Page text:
I advise charging your battery at a rate of 8 to 15 amperes to charge your car battery quickly and safely. In the unlikely event that you are unlucky, charging your battery at a rate greater than 15 amps may result in damage and reduce battery life.

How Long Does it Take to Charge a Car Battery

What Are The Various Battery Charger Types?

Therefore, what should you do if you don’t drive your car very often? Picking up a battery charger is your best option. Your battery will remain healthy and charged with the help of a battery charger so that it is always ready to use. You should stick to two fundamental guidelines when looking for a battery charger. The charger you choose must be compatible with the chemistry of your battery, according to rule number one. So what do we mean when we say “chemistry”? You must locate a lead acid charger for a lead-acid battery. A charger that is AGM compatible is required if your car has an AGM battery. It is possible to charge batteries with various chemistries using the numerous settings on modern battery chargers.

The second rule is that the output voltage of your battery and the voltage of your charger must be the same. Therefore, a 12-volt charger is required for a 12-volt car battery. A 24-volt charger should be purchased if your truck uses a 24-volt battery. You must adhere to these two guidelines. The battery in your vehicle can sustain long-term damage if it is charged using the incorrect charger.

How Dead Is Your Battery Exactly?

There are various types of dead batteries. Your battery will require more time on the charger than one with 10 volts if you test it and find that it has 2 volts.

While checking your volts is the simplest thing to do and effectively tells you if the battery needs to spend more time on a charger, it doesn’t always tell you how many amps the battery has left.

Don’t rely solely on your dash’s battery light. Depending on how much the battery has died, it may or may not illuminate.

When A Car Is Idling, Do The Batteries Charge?

Your battery will still recharge in an idle car, but much more slowly than if you were actually driving. This is because contemporary automobiles have numerous additional electronics that consume power. Which system supplies the additional systems? Can you guess which component it is? You are correct; it is your alternator. It will take a lot longer for your battery to recharge this way if your car is just idle because it isn’t producing many RPMs. We’re talking hours here. Your best option is to simply go for a drive rather than leaving your car idle in your driveway.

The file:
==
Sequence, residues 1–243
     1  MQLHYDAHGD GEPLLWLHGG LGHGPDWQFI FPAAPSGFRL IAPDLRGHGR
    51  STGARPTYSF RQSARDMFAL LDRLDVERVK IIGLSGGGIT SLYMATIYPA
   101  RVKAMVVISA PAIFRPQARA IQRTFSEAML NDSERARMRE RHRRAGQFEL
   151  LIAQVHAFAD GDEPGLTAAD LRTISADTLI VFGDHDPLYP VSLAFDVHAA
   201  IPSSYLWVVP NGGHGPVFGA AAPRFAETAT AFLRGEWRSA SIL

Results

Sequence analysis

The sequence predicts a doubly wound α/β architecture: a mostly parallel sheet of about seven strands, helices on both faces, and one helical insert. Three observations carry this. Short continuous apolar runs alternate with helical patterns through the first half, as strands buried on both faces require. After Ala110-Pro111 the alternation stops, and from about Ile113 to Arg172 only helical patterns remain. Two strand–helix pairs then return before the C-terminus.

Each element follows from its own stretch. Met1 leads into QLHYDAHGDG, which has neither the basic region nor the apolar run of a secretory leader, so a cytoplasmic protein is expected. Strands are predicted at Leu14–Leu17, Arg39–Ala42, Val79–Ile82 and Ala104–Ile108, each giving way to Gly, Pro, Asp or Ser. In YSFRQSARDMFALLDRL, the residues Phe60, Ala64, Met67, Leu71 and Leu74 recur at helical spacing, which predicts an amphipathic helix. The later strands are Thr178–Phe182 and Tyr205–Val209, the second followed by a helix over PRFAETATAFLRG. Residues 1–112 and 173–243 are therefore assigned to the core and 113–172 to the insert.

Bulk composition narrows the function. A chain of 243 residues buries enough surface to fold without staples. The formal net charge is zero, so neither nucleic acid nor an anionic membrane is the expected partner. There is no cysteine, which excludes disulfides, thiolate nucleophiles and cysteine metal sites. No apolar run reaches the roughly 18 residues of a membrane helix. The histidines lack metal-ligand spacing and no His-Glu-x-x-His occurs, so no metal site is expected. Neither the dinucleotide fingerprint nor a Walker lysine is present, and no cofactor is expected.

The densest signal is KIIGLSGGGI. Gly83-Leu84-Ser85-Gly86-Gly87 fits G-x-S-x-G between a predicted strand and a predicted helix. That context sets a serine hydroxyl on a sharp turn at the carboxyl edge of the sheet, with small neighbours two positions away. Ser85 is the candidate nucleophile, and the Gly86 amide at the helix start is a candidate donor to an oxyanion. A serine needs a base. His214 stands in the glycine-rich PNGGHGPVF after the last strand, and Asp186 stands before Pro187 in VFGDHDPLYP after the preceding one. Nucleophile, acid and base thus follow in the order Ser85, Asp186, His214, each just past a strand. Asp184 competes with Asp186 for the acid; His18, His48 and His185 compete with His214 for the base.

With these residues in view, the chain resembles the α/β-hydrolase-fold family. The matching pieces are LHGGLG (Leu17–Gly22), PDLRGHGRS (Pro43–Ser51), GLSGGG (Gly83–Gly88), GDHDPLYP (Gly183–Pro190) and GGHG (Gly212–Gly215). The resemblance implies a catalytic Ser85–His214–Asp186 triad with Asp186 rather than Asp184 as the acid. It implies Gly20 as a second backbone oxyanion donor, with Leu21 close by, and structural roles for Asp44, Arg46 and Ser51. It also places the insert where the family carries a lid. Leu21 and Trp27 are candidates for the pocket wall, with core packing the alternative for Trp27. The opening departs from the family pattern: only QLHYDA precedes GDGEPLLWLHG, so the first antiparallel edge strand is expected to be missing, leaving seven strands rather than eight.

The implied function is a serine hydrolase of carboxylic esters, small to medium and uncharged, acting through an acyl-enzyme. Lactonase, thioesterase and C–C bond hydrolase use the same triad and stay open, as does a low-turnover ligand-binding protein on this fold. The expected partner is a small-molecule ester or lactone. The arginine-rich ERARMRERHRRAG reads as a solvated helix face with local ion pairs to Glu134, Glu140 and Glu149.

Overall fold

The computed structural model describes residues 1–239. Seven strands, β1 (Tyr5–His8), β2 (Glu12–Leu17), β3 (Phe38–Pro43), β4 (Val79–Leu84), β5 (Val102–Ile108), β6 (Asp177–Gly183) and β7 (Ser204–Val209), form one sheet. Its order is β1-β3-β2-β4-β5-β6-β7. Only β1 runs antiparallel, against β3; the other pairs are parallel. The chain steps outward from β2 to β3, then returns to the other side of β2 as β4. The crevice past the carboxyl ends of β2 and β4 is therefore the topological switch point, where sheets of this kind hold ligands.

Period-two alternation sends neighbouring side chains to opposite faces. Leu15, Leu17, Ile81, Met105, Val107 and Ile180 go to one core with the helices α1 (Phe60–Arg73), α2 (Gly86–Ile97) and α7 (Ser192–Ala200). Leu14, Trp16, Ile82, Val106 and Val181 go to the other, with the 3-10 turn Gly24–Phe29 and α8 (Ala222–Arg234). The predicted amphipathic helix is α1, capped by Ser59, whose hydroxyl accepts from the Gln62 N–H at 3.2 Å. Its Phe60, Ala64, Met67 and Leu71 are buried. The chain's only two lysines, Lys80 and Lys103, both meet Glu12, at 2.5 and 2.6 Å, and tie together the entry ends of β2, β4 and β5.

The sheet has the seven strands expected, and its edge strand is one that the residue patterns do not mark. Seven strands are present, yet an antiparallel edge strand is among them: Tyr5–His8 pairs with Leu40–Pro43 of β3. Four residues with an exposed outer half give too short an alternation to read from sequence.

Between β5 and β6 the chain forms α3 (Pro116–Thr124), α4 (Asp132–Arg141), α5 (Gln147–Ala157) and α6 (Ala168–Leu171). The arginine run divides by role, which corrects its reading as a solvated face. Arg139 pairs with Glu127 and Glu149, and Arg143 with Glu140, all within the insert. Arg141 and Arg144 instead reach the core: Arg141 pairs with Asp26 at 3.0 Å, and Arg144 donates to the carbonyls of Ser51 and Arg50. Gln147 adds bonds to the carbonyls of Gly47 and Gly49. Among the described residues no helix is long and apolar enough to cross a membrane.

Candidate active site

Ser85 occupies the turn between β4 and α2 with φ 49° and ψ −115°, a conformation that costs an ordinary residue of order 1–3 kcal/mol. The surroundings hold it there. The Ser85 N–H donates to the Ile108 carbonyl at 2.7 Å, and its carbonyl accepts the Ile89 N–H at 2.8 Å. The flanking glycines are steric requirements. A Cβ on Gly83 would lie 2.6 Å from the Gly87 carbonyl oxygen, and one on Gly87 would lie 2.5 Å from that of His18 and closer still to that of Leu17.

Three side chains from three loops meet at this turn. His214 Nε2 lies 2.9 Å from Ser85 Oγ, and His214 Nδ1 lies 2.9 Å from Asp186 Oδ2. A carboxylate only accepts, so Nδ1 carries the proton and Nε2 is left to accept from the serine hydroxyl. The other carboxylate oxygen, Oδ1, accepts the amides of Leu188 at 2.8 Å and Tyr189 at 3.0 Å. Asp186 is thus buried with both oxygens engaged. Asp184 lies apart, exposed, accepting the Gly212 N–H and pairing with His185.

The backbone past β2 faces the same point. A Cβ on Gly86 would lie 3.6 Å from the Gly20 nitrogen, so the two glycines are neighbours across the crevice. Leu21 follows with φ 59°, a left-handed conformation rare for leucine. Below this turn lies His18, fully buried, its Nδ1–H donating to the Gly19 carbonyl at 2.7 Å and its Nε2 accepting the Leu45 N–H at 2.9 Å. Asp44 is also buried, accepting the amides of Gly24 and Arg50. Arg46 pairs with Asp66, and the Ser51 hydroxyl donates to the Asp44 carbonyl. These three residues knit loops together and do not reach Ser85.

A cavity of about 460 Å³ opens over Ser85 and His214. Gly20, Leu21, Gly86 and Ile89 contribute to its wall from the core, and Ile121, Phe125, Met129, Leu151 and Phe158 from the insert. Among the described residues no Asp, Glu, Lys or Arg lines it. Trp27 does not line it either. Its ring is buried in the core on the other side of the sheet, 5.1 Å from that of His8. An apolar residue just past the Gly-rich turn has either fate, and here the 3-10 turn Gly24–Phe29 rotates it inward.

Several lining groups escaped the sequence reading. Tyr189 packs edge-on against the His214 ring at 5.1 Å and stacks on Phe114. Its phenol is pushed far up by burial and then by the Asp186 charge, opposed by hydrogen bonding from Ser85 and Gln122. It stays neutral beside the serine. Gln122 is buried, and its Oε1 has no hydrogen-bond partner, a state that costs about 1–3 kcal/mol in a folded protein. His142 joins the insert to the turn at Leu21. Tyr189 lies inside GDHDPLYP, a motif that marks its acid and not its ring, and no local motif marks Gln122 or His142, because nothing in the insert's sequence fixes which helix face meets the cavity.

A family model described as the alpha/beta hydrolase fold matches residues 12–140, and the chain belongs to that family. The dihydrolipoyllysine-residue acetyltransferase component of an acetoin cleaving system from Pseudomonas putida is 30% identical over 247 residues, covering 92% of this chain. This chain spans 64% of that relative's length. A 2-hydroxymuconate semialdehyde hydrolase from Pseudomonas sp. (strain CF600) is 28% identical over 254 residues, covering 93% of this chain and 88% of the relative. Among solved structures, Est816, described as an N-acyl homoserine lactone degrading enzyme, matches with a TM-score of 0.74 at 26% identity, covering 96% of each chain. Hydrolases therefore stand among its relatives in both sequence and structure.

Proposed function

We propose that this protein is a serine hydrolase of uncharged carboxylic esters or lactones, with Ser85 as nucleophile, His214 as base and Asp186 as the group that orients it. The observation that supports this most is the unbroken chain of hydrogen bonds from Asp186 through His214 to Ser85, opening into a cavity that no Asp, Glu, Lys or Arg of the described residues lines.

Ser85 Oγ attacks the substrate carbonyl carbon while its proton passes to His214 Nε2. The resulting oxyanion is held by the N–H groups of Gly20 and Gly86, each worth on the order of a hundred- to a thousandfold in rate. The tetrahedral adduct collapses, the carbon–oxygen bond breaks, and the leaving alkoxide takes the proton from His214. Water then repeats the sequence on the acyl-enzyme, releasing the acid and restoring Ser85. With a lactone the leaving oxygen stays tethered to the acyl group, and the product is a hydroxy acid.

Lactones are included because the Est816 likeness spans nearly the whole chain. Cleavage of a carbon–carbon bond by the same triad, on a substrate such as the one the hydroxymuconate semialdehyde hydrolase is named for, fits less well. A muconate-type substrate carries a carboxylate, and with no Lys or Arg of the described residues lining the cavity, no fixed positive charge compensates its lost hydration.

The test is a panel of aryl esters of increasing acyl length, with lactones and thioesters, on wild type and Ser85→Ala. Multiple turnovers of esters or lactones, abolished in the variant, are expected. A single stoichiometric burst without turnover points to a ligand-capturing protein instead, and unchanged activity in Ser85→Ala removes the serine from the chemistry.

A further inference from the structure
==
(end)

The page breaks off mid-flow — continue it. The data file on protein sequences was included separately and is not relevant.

How Much Time Does A Car Battery Last When Not Being Driven?

In a little under two months, an idle battery can go from fully charged to completely dead. If your battery is over three years old or wasn’t fully charged the last time you drove it, it will degrade even more quickly. A factor that is bad for your battery is making numerous short drives in a row. There is nothing wrong with running a ton of errands, but your battery will get pretty low if you keep starting and stopping your car with only brief periods of driving in between. Give your alternator the time it needs to fully recharge your battery by going for at least one 30-minute drive on the highway per week.


The electrical system in a car is a challenging device. Hopefully, you now have a better understanding of when and how a car battery is charged. One element of a convoluted circuit is the battery. The vehicle’s actual power source is the car alternator; however, if that fails, it’s a completely different situation that we will discuss later. Watch your battery, give it a test drive, and be aware of its age. Travel safely and keep yourself safe.

Read the following post about spare parts replacement if you are interested!